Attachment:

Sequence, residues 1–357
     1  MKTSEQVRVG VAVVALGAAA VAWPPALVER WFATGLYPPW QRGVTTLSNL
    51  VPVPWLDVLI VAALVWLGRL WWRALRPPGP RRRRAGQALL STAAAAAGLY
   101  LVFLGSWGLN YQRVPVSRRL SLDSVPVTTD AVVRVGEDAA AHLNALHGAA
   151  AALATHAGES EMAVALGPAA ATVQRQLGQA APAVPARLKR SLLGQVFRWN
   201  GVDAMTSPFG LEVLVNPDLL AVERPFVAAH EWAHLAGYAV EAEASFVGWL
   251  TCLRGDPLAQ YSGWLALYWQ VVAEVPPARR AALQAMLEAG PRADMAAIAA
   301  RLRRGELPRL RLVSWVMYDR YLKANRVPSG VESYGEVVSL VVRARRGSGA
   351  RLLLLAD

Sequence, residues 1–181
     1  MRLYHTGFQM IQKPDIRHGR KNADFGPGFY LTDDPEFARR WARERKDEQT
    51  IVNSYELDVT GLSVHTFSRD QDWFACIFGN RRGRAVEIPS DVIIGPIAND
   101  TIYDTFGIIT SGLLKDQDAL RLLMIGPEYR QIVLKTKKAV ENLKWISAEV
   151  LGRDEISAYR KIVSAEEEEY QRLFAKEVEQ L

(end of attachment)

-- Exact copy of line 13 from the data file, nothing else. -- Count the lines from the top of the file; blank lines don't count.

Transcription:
   101  TIYDTFGIIT SGLLKDQDAL RLLMIGPEYR QIVLKTKKAV ENLKWISAEV